My second night was only slightly more restful than my first: I did manage to have some dreams, but they were work anxiety nightmares. This was a new one though. My typical work anxiety dream is that I'm a student, it's the last week of the semester, and I've just realized I was enrolled in a class that I forgot to attend. I've had papers due for weeks, which I haven't done and I can't find the syllabus. This dream was different. This time I dreamt that I was a professor who had forgotten to teach a class and hadn't shown up for a week. I woke up wondering if I had given all the finals I was supposed to (I had).
After breakfast, I met up with one of my students and we headed down to Potsdam. I heard about her adventures the day before, wandering around the neighborhood. At one point she got lost (well, at more than one point), and she used the mnemonic device I had told her ("Orange Burger Street") to find our hostel (Oranienburger Straße).
We took the bus to Friedrich the Great's summer home away from home: Schloß Sans Souci (Sans Souci Palace).
After buying timed tickets to tour the main quarters, we wandered around the gardens. There were a few nice bits of Eighteenth-Century orientalism:
This is the Chinesisches Teehaus. After all the drought we have suffered in Southern California, it was nice to luxuriate in a garden that has plenty of water.
While King Friedrich grew lots of fresh fruit, we didn't see any orchards, but lots of spring flowers:
There's no tour guide for the palace. Rather, they give you a headset in the language of your choice and you go through with everyone in your time slot. You can take photos, but only if you buy a special permit. Guards in every room keep an eagle eye out for tourists sneaking shots. My student took some surreptitiously, but I was too concerned about getting caught. The palace is much, much smaller than similar places like Warsaw Castle or Wilanow Palace in Warsaw, or the grand daddy of them all: Versailles. Still, it was a lot of fun. Two things were very clear from the tour: Friedrich had major issues with his father and absolutely no affection for the wife his father made him marry.
Afterwards, I thought we might stop at the film museum in Potsdam, but our bus didn't stop there. Instead, we headed to west Berlin so I could pick up some Neuhaus chocolate at KaDeWe. In addition to the radically different feel west Berlin has from the east, today there was a new element: all the crowds of Dortmund fans in Berlin for the final of the German soccer cup.
There were a fair amount of police out, but no one was getting out of control and everyone seemed to be having a good time. Dortmund fans were everywhere in Berlin. For every thousand Dortmund fans, I think I saw one Wolfburg fan. Not sure where they were hiding. Unfortunately, though, Dortmund lost the game last night: 1:3.
It's always fun to wander around KaDeWe (Kaufhaus des Westens - the largest department store in Europe). In the food courts on the 6th floor, they have display cases for gourmet delicacies from various countries. Here's one of my students in the American section.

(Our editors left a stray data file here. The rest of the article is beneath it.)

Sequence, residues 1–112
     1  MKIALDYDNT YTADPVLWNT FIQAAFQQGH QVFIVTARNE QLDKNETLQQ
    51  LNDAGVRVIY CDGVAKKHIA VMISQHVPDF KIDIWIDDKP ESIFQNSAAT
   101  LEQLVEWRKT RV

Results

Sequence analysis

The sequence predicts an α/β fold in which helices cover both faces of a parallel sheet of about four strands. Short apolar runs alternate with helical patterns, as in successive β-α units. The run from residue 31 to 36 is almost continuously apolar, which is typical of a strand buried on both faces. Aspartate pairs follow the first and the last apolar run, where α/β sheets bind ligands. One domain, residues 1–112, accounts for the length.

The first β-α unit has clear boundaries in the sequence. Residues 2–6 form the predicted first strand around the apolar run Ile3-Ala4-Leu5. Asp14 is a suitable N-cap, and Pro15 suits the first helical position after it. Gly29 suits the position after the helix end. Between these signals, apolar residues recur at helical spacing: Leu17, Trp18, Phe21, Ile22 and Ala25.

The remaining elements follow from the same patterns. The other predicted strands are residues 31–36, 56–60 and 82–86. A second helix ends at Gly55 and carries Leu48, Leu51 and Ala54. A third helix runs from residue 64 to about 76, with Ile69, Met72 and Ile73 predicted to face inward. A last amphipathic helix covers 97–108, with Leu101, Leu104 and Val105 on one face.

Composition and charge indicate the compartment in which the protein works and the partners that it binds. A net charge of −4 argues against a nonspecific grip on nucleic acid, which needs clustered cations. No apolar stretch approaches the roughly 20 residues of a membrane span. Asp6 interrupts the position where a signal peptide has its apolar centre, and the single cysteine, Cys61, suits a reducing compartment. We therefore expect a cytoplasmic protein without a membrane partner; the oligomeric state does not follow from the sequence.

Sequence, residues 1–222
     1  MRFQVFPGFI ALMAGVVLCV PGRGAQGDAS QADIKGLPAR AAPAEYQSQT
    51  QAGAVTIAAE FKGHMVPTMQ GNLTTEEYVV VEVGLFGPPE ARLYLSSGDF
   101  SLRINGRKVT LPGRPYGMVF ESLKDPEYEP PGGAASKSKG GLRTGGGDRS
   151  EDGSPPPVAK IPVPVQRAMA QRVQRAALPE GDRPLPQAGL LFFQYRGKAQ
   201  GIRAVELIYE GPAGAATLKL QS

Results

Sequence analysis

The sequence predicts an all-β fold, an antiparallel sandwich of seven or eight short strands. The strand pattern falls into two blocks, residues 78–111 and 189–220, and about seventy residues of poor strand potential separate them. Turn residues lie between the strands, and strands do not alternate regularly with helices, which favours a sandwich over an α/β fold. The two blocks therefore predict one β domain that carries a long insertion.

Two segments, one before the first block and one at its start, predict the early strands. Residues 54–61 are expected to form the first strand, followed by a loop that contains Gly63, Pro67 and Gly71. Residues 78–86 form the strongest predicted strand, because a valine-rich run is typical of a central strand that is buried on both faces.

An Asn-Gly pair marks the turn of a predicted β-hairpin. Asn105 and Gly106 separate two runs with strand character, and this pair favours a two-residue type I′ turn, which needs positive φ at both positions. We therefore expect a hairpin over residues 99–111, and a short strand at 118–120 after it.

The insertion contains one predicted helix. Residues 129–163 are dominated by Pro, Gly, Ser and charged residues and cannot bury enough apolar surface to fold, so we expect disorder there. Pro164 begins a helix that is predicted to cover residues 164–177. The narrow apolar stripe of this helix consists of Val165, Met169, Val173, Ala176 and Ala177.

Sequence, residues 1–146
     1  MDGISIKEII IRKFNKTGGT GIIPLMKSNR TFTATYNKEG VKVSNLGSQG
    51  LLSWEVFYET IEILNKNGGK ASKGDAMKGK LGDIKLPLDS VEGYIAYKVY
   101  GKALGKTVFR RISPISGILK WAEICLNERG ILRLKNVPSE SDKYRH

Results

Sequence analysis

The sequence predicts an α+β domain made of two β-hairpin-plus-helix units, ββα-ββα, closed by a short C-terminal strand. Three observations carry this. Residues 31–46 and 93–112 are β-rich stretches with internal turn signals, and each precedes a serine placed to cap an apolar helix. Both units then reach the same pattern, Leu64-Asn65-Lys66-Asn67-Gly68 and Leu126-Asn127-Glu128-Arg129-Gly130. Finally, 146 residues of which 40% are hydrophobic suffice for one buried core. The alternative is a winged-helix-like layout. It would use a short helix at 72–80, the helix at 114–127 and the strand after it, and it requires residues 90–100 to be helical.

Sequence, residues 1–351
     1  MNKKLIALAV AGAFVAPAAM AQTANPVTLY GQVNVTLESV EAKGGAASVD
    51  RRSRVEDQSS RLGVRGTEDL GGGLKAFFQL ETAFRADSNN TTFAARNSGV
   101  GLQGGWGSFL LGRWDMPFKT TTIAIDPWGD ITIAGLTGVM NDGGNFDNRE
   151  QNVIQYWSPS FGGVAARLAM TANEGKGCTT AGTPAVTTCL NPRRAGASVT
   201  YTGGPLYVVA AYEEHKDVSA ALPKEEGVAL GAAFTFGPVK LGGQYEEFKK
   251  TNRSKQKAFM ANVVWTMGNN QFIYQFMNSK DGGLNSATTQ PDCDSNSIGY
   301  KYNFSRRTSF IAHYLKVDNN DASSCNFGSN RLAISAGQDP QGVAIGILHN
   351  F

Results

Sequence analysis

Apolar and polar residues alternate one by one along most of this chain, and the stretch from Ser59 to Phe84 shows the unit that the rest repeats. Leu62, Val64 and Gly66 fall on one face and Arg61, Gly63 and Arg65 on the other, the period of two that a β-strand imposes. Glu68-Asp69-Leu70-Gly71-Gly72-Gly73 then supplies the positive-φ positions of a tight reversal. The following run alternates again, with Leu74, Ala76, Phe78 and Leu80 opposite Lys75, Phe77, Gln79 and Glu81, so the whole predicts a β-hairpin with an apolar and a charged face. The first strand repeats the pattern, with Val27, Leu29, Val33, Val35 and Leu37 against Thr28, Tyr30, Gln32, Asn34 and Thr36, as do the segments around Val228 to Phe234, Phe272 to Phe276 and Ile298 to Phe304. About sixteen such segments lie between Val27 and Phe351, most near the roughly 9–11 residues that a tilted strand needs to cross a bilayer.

Jif peanut butter, CoffeeMate, Marshmallow Creme, and Pop Tarts: our gastronomic gifts to the world.
We had a little bit of drizzle on the walk back from the subway to the hostel, but not bad considering it had been threatening to rain on and off all day.
Unlike west Berlin, there's tons of art on the walls of buildings in the east. For example, there was a famous squatter art studio just up the street from the hostel called Kunsthaus Tacheles. Opened a few months after the fall of the wall, it flourished until 2012, when it was shut down so the space could be developed. Fenced off, it still remains vacant, though some of the wall murals remain:
It may be hard to make out, but that's a giant cockroach emerging from the wall, right of the face. Beneath it is a green sign (by the Green Party) that says: "Before the Wall, after the Wall, the state harasses the bugs."
After walking around to find the nearest ATM machine and laundromat (for the students), I made my way to Prenzlauer Berg to have dinner in one of my favorite restaurants: Gugelhof. This restaurant specializes in Alsatian food, and I decided to start off my meal with something I ordered two years ago: the duck liver paté prepared like crème brûlée, with onion marmalade:
I went somewhat lighter for the main course. I ordered the Beelitz asparagus (a white asparagus, particularly loved in Germany), with hollandaise sauce and roasted potatoes. Most people order it with either ham or schnitzel, but I had had schnitzel for lunch and wanted to go lighter.
I had a glass of Weißburgunder (known elsewhere as pinot blanc) to wash it down. Smooth, fruity, with no trace of oak, it was perfect.
By the time I got back to the U-bahn it was 8:40 pm but the sun was still out. It doesn't set here until after 9.
Back at the hostel, I watched the last 30 minutes of the soccer match. There was a family watching nearby, and the little boy (perhaps 6) was wearing a yellow Dortmund jersey. Every time the Wolfburg goalie blocked a shot, he stomped around and kicked the sofa in frustration. Unfortunately, Dortmund lost.